Love and scandal are the best sweeteners of tea. —Henry Fielding

29 April 2007

Woolf

Finished Mrs. Dalloway this evening. I loved it so much. It's a cubist exploration of these amazing, wonderful people and their quiet, almost imperceptible pain and their observations about one another, so accurate, or so wildly improbable. It's an unbelievably, indescribably good book. It hurts to finish it, to have to put it down. Here's a section from near to the end. Clarissa is in a quiet room, one door away from her bustling success of a party, thinking about one of the other characters (whom she never met):
But this young man had killed himself—had he plunged holding his treasure? "If it were now to die, 'twere now to be most happy," she had said to herself once, coming down in white.
Or there were the poets and thinkers. Suppose he had had that passion, and had gone to Sir William Bradshaw, a great doctor yet to her obscurely evil, without sex or lust, extremely polite to women, but capable of some indescribable outrage—forcing your soul, that was it—if this young man had gone to him, and Sir William had impressed him, like that, with his power, might he not then have said (indeed she felt it now), Life is made intolerable; they make life intolerable, men like that?
Then (she had felt it only this morning) there was the terror; the overwhelming incapacity, one's parents giving it into one's hands, this life, to be lived to the end, to be walked with serenely; there was in the depths of her heart an awful fear. Even now, quite often if Richard had not been there reading the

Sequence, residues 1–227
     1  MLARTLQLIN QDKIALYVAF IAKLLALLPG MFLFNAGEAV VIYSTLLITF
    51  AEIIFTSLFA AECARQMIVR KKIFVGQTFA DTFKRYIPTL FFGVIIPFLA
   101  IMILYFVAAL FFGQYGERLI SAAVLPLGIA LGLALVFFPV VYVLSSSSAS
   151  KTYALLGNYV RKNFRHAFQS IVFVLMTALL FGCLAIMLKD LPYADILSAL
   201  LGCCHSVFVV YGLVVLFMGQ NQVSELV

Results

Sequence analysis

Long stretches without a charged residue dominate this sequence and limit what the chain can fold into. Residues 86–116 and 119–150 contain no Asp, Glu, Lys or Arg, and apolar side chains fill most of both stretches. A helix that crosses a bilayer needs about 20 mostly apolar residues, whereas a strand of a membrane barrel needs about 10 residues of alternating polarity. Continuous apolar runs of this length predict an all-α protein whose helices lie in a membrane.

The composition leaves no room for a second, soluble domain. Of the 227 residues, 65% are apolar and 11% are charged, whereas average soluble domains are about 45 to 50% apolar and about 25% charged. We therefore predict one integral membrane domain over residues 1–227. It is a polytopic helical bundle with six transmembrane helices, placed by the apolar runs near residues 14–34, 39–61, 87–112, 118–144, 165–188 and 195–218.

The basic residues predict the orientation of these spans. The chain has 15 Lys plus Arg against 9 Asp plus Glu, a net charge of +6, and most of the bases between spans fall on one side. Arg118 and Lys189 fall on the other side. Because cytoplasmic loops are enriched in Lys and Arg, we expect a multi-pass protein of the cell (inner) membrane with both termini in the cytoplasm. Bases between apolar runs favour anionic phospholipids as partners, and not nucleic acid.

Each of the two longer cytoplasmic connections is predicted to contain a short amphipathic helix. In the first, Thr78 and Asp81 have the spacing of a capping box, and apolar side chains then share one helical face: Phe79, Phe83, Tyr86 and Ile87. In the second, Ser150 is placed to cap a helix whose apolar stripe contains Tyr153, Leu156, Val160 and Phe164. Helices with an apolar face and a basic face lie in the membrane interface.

Times, so that she could crouch like a bird and gradually revive, send roaring up that immeasurable delight, rubbing stick to stick, one thing with another, she must have perished. But that young man had killed himself.
I want to share one more sequence. This one is a series of observations made by Peter Walsh (I love this character) after he arrives at Clarissa's party:
And now Clarissa escorted her Prime Minister down the room, prancing, sparkling, with the stateliness of her grey gair. She wore ear-rings, and a silver-green mermaid's dress. Lolloping on the waves and braiding her tresses she seemed, having that gift still; to be; to exist; to sum it all up in the moment as she passed; turned, caught her scarf in some other woman's dress, unhitched it, laughed, all with the most perfect ease and air of a creature floating in its element. But age had brushed her; even as a mermaid might behold in her glass the setting sun on some very clear evening over the waves. There was a breath of tenderness; her severity, her prudery, her woodenness were all warmed through now, and she had about her as she said good-bye to the thick gold-laced man who was doing his best, and good luck to him, to look important, an inexpressible dignity; an exquisite cordiality; as if she wished the whole world well, and must now, being on the very verge and rim of things, take her leave. So she made him think. (But he was not in love.)
You must read this book!